Lured by a relatively low price and cheaper investment costs, investors could well warm again to palladium, left in the cold by investors after market restrictions and price volatility in the early 2000s.

Palladium rose in March to its highest level since 2001, renewing investor confidence in the precious metal, and analysts say a bullish outlook for its sister metal, platinum, could help spark yet another rally.

Cash-rich investment funds could see palladium, used in car exhausts, jewellery and dental equipment, as an alternative to gold or platinum as both metals have hit lifetime highs.

I see potential in palladium. It is still far behind the value of platinum and gold, said Akira Doi, director at Daiichi Commodities Co Ltd.

As long as platinum is strong, palladium will be supported. Considering that it is well below its record highs, palladium could jump with fresh fundamentals, Doi said.

Palladium was quoted at $445 early on Wednesday, up more than 20 percent from the start of the year, after rising 10 percent in value in 2007.

At that price, palladium is still well below the seven-year high of $590 per ounce touched in March and about a third the value of its record peak of $1,150 set in January 2001.

Palladium's surge has been given a boost and would continue to be well supported by platinum's strength, traders said.

Platinum hit record highs this year after a power crisis stopped mining in South Africa, the world's biggest producer, raising fears of a widening supply deficit and sparking speculative buying.

Platinum, which soared to a record high of $2,290 an ounce in March, is up more than 50 percent this year and was up more than 30 percent in 2007. On Tuesday, it was at $2,144 an ounce.

Fundamentals appear to favour platinum. Last year, Johnson Matthey said the platinum market fell to a deficit of 480,000 ounces in 2007, from a surplus of 355,000 ounces in 2006.


Traders say palladium has room to rise further because it is still a long way from its record high.

Many commodities have hit record highs, but there aren't many like palladium which is still far away from its record, said Hisaaki Tasaka, market analyst at Ace Koeki.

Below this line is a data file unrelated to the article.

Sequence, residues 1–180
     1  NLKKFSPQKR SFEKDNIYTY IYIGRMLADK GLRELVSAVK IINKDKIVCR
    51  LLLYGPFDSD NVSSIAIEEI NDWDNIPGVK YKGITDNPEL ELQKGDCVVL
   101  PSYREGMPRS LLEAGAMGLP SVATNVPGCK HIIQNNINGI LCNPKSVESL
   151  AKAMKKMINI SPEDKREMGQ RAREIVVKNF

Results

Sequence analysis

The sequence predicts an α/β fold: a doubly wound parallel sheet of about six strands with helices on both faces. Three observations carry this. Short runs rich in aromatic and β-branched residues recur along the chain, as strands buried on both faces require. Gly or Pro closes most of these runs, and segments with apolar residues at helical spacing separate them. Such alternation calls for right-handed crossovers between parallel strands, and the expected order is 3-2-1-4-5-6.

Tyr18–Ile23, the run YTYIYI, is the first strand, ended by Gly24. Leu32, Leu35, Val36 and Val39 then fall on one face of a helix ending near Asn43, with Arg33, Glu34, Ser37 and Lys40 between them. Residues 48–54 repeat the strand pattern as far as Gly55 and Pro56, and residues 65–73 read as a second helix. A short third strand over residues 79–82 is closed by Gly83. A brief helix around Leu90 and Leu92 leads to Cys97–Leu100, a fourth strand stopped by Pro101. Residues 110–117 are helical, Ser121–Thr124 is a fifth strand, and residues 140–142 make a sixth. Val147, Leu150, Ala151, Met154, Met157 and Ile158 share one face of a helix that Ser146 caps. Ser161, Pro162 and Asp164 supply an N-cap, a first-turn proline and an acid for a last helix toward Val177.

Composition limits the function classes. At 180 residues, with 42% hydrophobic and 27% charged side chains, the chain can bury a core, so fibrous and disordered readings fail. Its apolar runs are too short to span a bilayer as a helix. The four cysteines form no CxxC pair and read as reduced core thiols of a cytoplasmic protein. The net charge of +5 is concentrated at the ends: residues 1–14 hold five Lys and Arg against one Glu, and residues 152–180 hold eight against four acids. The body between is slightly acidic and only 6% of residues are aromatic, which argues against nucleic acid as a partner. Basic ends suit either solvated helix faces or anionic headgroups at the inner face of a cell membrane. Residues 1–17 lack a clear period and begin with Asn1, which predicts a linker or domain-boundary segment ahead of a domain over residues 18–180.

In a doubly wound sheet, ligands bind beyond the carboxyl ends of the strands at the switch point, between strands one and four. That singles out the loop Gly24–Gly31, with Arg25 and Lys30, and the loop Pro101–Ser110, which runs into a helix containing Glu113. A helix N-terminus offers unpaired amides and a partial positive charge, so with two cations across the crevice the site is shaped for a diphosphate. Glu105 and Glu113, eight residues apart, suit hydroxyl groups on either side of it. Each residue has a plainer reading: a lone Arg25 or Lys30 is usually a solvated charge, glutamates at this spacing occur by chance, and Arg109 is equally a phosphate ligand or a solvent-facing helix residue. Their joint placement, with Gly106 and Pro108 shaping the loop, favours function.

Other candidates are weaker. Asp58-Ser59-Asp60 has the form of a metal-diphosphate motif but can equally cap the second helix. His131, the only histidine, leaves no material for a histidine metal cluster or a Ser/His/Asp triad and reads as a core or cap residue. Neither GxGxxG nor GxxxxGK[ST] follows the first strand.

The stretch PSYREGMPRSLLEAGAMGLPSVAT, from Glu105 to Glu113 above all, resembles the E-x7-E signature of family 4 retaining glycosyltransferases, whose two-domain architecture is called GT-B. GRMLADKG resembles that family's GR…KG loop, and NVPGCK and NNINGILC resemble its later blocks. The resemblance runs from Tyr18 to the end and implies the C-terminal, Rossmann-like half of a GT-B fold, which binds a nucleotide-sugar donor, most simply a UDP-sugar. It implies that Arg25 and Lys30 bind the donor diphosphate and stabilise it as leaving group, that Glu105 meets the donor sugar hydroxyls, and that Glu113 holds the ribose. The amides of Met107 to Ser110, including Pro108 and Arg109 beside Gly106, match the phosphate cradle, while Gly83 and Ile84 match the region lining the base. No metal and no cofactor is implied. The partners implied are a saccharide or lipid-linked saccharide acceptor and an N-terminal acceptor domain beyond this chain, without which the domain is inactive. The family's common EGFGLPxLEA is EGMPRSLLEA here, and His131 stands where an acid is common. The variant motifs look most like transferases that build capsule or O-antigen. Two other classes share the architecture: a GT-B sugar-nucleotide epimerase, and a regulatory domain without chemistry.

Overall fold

Demand for the platinum group metals (PGMs), including palladium and rhodium, which is used in catalytic converters, has been boosted by tighter regulations on carbon emissions from vehicle exhausts. The boom in China and India's car industry is yet another bright spot.

Despite palladium's large surplus last year, demand in Japan rose 3.4 percent to 1.525 million ounce in 2007.

Cheaper trading margins of palladium futures on the Tokyo Commodity Exchange, the world's largest futures trading centre of palladium and platinum, also attracts buying interest.

The initial margin for palladium is 60,000 yen ($575) per contract. That's 60 percent lower than platinum and 56 percent lower than gold.

Open interest, or the number of outstanding contracts, in TOCOM platinum has risen 81 percent from the start of the year to 17,919 contracts.


But traders say they have had their fingers burnt by palladium in the past.

In February 2000, TOCOM halted trading in palladium futures after prices of the metal soared amid unstable supply from Russia, which produces two-thirds of world supply.

Though trading in palladium partially resumed in April that year, the restrictions were not fully removed until 2001.

Traders said the incident had shattered investors' faith in palladium, and this has been a factor behind the market's stagnation over the years.

I don't trust the rally in 2000-2001 as it was largely done by speculative force, said Shuji Sugata, manager Mitsubishi Corp Futures and Securities Ltd. People who have experienced this may not want to touch it unless they find a distinct buy factor.

($1=104.31 yen)

(Editing by Ben Tan)

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